• Qualitative interviews provided numerous examples of success, where individuals moved from serious risk contexts to ongoing service connections, stability and functioning, and improvements in quality of life. Below is an example of risk context, intervention characteristics, and outcome observations (note: these are quotes are slightly paraphrased from our interviews to remove identifying information, including personal pronouns).

  • The general success of Connectivity is qualified by ongoing challenges in engaging individuals presenting with drug addictions. Table members identified use of crystal methamphetamine as particularly challenging risk factor. About 50% of individuals whose situations were closed as “Connected” had drug use as a risk factor; in comparison about 80% of individuals whose situations were closed as “Still At-Risk”, had drug use as a risk factor.
  • A range of service and system barriers continue to persist in Waterloo Region, hampering the efforts of Connectivity in mitigating risk and fostering longer-term positive outcomes. These include early discharge from hospital (especially when addictions are presenting), poor access to detox services and long wait lists for addictions treatment, a lack of discharge planning out of prison, lengthy wait lists for longer term supports and services (e.g., mental health support coordination, addictions treatment), and a lack of affordable housing options.
  • Analysis of data provided by Cambridge Memorial Hospital (CMH) and Grand River Hospital (GRH) showed 14% and 69% decreases, respectively, in emergency department visits after Connectivity interventions. Length of stay increased 31% at CMH and decreased 44% at GRH (however, the absolute number of in-patient days was quite small at GRH both before and after Connectivity intervention, which strongly qualifies the percent decrease).  The drop in ED visits represents $40 thousand of diverted costs.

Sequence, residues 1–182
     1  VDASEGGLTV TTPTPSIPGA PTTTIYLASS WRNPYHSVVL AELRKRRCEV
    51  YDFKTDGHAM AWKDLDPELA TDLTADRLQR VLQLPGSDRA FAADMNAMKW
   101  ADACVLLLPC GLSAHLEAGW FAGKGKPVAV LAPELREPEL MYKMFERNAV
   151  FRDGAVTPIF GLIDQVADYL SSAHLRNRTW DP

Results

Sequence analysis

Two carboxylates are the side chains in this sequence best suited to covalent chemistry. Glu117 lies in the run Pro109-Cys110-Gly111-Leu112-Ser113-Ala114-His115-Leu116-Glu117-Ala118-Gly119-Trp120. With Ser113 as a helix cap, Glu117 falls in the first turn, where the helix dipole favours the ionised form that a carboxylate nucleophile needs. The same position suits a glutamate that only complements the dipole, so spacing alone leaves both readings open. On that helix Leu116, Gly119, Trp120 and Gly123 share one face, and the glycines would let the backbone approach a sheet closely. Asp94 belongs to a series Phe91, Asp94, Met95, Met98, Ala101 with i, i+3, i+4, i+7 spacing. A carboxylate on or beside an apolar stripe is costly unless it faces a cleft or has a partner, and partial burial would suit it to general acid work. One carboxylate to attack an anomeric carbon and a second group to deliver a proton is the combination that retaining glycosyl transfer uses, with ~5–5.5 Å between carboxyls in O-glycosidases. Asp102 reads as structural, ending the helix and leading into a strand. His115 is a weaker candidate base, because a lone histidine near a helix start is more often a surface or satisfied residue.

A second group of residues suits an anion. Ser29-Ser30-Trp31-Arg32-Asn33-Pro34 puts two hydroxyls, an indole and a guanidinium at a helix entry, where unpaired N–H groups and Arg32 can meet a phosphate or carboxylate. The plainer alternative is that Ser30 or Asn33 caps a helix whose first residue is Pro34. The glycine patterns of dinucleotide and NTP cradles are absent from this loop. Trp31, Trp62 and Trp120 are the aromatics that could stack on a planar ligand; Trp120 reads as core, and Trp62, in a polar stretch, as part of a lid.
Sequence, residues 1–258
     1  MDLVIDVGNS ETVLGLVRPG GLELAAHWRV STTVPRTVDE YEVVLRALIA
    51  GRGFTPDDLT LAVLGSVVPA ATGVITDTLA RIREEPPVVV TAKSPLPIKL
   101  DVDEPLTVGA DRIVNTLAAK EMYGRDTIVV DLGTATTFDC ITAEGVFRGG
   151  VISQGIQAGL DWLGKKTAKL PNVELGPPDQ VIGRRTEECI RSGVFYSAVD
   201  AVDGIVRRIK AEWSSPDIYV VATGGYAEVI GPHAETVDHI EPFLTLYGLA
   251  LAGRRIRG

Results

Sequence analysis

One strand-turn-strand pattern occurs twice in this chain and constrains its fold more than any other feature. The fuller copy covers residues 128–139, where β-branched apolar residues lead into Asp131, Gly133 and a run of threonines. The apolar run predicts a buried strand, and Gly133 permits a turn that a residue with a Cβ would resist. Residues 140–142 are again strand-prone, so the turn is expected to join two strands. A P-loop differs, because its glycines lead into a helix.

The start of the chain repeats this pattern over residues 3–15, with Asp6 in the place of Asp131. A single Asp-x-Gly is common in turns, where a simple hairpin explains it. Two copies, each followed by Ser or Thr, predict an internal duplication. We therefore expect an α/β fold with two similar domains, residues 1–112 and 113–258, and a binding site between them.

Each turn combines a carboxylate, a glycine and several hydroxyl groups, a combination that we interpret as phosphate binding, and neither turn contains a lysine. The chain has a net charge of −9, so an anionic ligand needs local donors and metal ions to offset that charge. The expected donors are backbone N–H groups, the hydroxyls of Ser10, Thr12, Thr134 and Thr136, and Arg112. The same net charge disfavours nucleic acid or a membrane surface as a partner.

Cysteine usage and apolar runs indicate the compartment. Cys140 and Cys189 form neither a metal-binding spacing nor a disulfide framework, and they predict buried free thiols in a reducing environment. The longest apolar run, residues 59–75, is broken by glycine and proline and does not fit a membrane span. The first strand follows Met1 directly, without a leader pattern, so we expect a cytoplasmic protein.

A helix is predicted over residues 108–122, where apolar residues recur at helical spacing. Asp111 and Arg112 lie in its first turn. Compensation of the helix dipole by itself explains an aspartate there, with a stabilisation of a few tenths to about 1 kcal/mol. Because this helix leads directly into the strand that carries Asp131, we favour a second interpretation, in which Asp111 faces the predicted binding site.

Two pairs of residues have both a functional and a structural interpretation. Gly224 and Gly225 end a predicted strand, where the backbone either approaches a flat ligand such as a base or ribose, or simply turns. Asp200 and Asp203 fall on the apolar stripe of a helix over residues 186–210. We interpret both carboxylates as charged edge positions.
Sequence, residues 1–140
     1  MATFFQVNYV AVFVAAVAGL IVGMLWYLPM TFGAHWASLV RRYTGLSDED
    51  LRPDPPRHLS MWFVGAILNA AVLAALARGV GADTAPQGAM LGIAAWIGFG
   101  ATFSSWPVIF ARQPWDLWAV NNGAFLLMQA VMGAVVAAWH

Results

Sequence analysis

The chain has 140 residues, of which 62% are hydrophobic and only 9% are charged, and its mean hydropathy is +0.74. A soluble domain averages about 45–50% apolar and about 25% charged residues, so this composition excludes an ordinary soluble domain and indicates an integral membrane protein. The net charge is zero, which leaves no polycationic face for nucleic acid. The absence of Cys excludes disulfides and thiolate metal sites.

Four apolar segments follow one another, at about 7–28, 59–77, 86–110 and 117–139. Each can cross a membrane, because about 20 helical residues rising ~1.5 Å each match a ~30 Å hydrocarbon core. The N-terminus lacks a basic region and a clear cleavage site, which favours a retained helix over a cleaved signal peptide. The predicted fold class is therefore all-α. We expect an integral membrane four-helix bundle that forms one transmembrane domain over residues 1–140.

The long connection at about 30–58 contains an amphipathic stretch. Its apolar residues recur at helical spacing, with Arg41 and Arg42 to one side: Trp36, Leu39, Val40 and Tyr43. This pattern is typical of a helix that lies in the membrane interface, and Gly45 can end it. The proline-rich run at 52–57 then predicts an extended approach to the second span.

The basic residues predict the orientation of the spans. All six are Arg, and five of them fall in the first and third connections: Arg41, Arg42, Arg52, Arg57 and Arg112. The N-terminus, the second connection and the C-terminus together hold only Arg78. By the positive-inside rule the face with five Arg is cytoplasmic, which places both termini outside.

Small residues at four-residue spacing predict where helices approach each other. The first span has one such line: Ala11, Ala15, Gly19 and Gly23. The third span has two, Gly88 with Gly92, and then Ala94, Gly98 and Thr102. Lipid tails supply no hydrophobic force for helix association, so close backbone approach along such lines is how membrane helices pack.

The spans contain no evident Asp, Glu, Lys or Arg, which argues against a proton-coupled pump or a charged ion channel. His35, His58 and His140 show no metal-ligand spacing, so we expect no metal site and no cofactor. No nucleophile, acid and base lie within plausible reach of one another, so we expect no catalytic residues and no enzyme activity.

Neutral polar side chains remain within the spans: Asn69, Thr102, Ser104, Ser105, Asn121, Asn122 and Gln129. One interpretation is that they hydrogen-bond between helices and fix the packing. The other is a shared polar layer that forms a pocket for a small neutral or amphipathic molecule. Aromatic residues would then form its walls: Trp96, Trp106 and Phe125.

• Analysis of data provided by Waterloo Regional Police Services (WRPS) shows 46% decrease in repeat police calls between 90-day periods, before and after Connectivity.  Conservatively estimated, this represents just under $100 thousand available for other allocations.

About Jason Newberry

Jason received his Ph.D. in Applied Social Psychology from the University of Guelph. As a consultant with over 15 year experience, Jason has worked on over 75 applied research and evaluation projects, in addition to a variety of organizational consultations and educational initiatives. His interests are in the field of program evaluation broadly, with specific interest in systems-level evaluations, complex interventions, community-based research methods, organizational capacity building, knowledge mobilization and community development. Jason’s content interests include community mental health, disability rights and supports, youth development, food security, and citizen participation. Jason is an accomplished trainer and community facilitator.